Proper concrete placement is essential in any ICF project. By starting with a good mix, placing it intelligently with a pump truck, and consolidating it carefully within the manufacturer’s guidelines, nearly all concrete placement problems can be avoided.
Your form manufacturer and ready-mix plant will know what mix works best in your area. A 3,000 psi mix with 3/8-inch aggregate and a slump of 5 ½ to 6 inches is typical.
A good pump truck is a must-have for ICF work. Schedule the pump truck to arrive at least an hour before the concrete. Trucks from the batch plant should arrive about 25 minutes apart.
Fill your openings first, then fill the walls in 4 ft. lifts. It’s possible to fill a wall 10 feet or higher in a single lift if necessary, but be confident your bracing, stacking, and brand of form are up to the job.
Most manufacturers recommend using a “pencil” vibrator with a head no larger than one inch in diameter. Other contractors shake the vertical rebar to consolidate the mix.
No matter what your level of experience, bracing is an issue every ICF installer deals with on every job. Adjustable metal bracing systems are simple, fast, and convenient. For smaller contractors, renting is becoming an increasingly popular alternative to purchasing your own set. “With labor costs the way they are, adjustable metal bracing is the only way to go, says Tom Sommerville at Plumwall.
Bracing is attached after the first three courses are stacked, with one brace for every 5 or 6 feet of wall. “A good rule of thumb is that with 32 units you can do a 1500 sq. ft. basement,” says Dan Kackman, sales director at Reechcraft.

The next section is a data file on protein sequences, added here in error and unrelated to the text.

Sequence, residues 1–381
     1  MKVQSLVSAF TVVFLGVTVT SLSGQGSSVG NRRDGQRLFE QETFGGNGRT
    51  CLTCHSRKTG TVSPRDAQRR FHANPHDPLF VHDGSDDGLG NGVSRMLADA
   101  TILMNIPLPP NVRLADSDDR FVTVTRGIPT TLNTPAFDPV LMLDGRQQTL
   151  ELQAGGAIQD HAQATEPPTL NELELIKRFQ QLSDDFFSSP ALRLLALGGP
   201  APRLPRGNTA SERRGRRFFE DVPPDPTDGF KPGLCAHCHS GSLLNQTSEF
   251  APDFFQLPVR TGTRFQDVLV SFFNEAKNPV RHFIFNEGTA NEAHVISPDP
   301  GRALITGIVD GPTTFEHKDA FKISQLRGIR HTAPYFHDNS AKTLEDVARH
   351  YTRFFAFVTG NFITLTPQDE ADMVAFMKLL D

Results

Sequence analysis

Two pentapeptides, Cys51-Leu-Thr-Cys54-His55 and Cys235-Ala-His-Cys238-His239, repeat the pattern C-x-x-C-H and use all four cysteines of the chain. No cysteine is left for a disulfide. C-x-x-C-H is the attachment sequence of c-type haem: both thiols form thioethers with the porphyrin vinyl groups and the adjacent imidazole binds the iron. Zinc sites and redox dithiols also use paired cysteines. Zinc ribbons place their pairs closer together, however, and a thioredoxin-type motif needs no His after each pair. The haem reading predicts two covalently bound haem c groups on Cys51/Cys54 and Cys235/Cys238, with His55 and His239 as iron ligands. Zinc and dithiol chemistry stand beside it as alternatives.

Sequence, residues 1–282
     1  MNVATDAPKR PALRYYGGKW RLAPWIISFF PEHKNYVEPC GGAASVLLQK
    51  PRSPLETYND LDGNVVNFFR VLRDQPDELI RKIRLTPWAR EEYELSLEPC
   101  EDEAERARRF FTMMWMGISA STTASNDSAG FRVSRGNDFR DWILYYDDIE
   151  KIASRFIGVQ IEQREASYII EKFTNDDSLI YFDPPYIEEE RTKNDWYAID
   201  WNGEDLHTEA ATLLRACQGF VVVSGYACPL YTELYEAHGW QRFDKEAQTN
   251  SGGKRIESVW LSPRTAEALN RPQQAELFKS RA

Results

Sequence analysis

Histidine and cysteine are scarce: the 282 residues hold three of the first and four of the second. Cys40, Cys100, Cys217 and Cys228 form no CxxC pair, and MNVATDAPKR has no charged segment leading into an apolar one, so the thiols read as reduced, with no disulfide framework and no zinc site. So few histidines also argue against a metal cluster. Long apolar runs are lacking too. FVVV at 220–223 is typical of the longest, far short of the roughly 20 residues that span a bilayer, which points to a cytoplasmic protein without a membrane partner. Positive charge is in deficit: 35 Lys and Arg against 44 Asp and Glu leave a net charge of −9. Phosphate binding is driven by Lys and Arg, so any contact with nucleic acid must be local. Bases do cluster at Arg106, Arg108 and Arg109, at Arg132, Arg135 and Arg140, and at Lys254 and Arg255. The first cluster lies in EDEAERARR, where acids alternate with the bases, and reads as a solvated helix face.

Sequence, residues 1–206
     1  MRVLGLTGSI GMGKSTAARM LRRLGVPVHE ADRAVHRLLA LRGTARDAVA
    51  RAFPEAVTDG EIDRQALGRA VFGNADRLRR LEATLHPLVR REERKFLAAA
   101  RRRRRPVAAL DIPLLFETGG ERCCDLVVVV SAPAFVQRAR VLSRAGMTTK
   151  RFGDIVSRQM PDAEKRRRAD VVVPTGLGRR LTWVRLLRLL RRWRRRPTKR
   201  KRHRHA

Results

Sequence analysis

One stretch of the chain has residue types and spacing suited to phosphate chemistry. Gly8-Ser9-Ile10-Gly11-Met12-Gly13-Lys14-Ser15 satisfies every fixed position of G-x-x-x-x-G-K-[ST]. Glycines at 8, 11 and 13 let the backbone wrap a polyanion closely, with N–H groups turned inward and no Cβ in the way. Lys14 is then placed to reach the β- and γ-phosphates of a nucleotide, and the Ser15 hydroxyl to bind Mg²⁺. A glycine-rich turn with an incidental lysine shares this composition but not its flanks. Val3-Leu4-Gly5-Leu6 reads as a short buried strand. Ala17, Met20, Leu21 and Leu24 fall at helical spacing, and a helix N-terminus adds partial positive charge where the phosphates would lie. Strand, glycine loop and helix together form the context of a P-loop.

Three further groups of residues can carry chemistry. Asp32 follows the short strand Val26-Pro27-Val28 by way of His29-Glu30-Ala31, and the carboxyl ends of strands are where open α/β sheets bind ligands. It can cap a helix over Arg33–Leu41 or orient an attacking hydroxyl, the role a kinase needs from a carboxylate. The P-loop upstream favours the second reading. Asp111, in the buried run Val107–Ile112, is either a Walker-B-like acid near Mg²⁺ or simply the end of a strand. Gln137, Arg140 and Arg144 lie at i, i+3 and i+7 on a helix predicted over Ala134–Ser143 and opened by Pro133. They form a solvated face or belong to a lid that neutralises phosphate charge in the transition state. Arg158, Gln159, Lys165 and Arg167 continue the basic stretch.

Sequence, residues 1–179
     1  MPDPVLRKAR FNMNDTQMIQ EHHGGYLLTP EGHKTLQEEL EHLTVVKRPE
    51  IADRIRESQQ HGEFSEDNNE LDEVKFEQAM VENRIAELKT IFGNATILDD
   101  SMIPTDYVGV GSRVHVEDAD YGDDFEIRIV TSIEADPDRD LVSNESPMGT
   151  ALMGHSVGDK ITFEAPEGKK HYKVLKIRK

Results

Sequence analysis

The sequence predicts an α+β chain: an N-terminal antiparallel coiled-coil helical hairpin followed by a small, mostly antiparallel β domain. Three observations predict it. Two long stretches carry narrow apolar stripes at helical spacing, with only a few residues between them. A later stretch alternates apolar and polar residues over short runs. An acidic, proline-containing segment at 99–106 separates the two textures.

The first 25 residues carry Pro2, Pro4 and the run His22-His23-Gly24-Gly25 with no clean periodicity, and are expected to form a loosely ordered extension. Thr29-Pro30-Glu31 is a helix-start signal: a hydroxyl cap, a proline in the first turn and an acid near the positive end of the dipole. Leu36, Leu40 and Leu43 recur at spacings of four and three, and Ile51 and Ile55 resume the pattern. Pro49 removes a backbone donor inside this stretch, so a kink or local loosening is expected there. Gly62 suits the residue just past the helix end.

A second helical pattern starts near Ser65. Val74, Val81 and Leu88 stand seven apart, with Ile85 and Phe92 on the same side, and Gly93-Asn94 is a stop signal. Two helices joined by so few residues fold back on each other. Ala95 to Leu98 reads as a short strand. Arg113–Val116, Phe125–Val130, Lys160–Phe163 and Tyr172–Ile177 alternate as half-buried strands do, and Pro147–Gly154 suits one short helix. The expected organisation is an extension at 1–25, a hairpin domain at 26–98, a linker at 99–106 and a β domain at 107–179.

Screw the brace to the block’s furring strips, being sure to allow for block compression and wall adjustments. Plumb the wall with a level, then stake the turnbuckle to the ground, or screw it securely to the subfloor.
Before you pour your first lift, double check that the wall is straight and plumb. Check and adjust as necessary immediately after the walls are poured.
For walls taller than 12 feet, the wall is usually poured in stages. The most common method is to stack and brace the first 8 feet of wall as normal, then pour. Once the concrete has cured, strip the bracing, set up buck scaffolding and tie it into the wall. Then you can begin the process again, bracing off the scaffolding for the next level.
Bracing manufacturers have invented a number of other, more efficient systems as well. “Our message to the contractors is, ‘Don’t be afraid to bid the big jobs, cause we’ve got your back,’” says Kackman. » Subscribe Now For the Full Story!
World of Concrete Report
ICFs took center stage at this year’s World of Concrete, held Jan. 17-20 in Las Vegas, Nev. The biggest-ever event featured 1,600 exhibits on more than 1.3 million sq. ft. of floor space, with an estimated 70,000 attendees.
Between the exhibit hall, seminar rooms, and mega-demo, tens of thousands of attendees were exposed to the beauty, simplicity, and durability of ICF construction. At the show, ICFs competed head-to-head with tilt-up, CMU, and removable forms; not as an alternative technology, but as a viable mainstream building method.